Clinical, Real-World Data Support Use of Daratumumab in Newly Diagnosed Multiple Myeloma

Data support daratumumab as part of a standard of care regimen in the frontline setting for patients with newly diagnosed multiple myeloma.

Analyses of data from first-line treatment with daratumumab (Darzalex; Janssen Pharmaceutical Companies)-based regimens demonstrated deep and durable responses in patients with newly diagnosed (ND) multiple myeloma (MM), according to a presentation at the American Society of Hematology (ASH) 2021 Annual Meeting. Additionally, investigators observed a potential survival benefit for daratumumab in combination with lenalidomide and dexamethasone (Rd).

Previously, in the primary analysis of the phase 2 GRIFFIN trial (NCT02874742) assessing daratumumab plus lenalidomide, bortezomib, and dexamethasone (D-RVd) in patients with autologous stem cell transplant (ASCT)-eligible NDMM (with a median follow-up of 13.5 months), D-RVd was found to improve the rate of stringent complete response (sCR) by the end of post-ASCT consolidation versus RVd (42.4% vs 32.0%, 1-sided P=0.068).

Following this primary analysis, a longer follow-up at a median of 27.4 months was conducted. This longer follow up data demonstrated patients experienced deepened responses that were improved from D-RVd versus RVd (sCR rate: 63.6% vs 47.4%, 2-sided P=0.0253), according to the investigators. Additionally, this improvement from D-RVd versus RVd was seen in the minimal residual disease (MRD)-negativity (10–5) rate (62.5% vs 27.2%, P<0.0001) as well.

After patients received maintenance therapy for 24 months, investigators found that adding daratumumab to RVd induction and consolidation in conjunction with ASCT, followed by daratumumab plus lenalidomide (D-R) maintenance, provided a continuation of deep and durable responses in patients with transplant-eligible NDMM, including sCR and MRD-negativity (10–5 and 10–6) rates. Additionally, no new safety concerns were observed with this longer follow-up period, supporting the use of D-RVd induction and consolidation and D-R maintenance in patients with transplant-eligible NDMM.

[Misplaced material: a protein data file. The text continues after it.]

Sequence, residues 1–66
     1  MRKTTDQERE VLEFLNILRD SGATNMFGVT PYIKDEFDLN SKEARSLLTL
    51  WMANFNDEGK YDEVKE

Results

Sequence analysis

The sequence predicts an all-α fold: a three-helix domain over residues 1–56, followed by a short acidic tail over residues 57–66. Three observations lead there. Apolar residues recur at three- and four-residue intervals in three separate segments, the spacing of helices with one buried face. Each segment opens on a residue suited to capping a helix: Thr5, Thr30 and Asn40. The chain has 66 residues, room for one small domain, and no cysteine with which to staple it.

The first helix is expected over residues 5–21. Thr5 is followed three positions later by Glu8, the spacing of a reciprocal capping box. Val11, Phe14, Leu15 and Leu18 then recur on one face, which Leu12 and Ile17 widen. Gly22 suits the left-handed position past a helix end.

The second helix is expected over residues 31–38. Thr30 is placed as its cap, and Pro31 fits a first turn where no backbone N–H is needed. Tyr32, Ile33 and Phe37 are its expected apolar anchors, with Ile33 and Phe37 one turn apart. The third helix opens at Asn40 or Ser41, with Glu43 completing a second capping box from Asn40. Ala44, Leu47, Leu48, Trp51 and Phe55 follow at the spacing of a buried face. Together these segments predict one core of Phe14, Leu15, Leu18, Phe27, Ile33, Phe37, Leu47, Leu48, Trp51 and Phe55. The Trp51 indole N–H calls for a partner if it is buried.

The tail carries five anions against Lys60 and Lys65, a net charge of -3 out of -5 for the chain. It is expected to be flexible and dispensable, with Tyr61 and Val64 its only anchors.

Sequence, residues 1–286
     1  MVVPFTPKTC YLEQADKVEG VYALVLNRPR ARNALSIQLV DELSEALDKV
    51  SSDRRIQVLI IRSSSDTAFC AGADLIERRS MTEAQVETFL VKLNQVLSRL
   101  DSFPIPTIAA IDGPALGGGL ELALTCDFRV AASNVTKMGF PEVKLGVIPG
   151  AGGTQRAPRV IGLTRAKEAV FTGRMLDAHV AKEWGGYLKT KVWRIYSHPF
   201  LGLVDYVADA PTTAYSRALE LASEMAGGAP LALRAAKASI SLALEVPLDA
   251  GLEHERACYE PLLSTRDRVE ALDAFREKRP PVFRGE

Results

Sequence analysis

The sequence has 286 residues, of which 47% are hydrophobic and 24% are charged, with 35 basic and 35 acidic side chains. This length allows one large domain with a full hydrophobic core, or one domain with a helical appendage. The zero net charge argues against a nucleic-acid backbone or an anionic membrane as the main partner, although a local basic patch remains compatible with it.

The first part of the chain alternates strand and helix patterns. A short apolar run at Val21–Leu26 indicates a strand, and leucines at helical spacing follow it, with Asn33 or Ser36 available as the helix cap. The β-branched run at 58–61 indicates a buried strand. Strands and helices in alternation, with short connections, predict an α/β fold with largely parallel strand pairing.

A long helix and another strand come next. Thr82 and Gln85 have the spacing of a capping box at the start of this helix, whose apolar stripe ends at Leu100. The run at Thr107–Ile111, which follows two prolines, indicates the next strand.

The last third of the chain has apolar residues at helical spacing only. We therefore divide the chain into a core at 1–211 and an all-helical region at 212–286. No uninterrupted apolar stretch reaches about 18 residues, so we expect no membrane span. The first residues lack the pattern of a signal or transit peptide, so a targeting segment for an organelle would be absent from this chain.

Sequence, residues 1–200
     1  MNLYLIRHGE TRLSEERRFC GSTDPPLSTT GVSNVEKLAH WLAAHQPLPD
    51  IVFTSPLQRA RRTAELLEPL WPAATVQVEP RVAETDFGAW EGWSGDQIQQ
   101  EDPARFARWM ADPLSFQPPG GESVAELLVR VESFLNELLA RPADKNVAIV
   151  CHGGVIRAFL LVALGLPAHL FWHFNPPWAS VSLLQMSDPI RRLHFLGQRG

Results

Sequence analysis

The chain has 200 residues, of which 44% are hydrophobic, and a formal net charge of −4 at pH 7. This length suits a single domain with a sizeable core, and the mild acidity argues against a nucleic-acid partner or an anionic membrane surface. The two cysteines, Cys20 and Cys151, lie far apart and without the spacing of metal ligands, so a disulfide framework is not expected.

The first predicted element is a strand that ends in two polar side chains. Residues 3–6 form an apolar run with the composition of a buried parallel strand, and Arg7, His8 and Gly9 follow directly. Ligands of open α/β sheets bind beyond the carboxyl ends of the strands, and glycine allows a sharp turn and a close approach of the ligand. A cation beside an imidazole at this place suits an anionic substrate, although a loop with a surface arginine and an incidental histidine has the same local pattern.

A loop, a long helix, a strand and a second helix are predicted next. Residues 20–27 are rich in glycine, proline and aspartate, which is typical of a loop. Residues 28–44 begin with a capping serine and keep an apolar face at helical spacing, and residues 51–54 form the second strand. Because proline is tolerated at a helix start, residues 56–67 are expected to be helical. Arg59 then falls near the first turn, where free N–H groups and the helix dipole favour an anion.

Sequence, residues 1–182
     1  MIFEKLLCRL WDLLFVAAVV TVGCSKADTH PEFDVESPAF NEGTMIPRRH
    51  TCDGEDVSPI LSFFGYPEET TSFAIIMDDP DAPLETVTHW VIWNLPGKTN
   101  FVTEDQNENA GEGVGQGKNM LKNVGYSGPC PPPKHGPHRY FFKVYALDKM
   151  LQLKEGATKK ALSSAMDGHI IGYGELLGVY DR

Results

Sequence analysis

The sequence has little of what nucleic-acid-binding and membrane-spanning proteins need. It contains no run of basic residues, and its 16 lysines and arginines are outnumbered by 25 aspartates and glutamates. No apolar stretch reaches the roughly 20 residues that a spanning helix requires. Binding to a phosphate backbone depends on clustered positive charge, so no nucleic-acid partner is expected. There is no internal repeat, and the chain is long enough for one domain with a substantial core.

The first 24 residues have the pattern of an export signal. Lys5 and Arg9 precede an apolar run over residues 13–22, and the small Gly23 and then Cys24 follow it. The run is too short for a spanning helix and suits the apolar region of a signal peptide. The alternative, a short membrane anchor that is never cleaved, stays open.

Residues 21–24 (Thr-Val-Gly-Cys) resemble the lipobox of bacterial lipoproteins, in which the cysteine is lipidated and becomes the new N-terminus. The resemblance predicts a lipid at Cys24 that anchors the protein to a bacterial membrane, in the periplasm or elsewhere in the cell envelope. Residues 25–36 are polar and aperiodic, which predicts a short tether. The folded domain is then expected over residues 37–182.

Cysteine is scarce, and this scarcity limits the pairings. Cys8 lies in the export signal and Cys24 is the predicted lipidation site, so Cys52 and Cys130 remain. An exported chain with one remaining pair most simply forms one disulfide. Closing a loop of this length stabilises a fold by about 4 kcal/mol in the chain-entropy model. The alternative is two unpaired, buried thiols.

“Despite treatment advances, multiple myeloma remains a complex, currently incurable blood cancer. The latest clinical trial data and real-world evidence presented for daratumumab at ASH shines a light on the potential of daratumumab-based combinations and sequencing approaches in the first-line, to tackle this complexity and improve patient outcomes,” said Edmond Chan MBChB MD (Res), EMEA therapeutic area lead hematology at Janssen-Cilag Limited, in a press release.

In additional updated results from the GRIFFIN study at a median follow up of 38.6 months, investigators noted that the D-RVd regimen for patients with transplant-eligible NDMM showed improved outcomes with the addition of daratumumab to VRd when followed by D-R maintenance therapy.

The key findings from the updated results showed sCR favored D-VRd compared to VRd alone (66% versus 47.4%; p=0.0096), with MRD-negativity rates at a maximum of 10-5 remaining higher in patients treated with D-VRd versus VRd alone (64.4% versus 30.1%; p<0.0001). Additionally, the progression-free survival (PFS) rate at 36 months favored daratumumab-VRd versus VRd alone (88.9% versus 81.2%).

Although the study was not powered by PFS, the investigators did observe that by the median follow-up point of 38.6 months, median PFS had not been reached in either arm. However, the updated trial results with longer-term follow up did not provide any new safety concerns from the earlier trial data.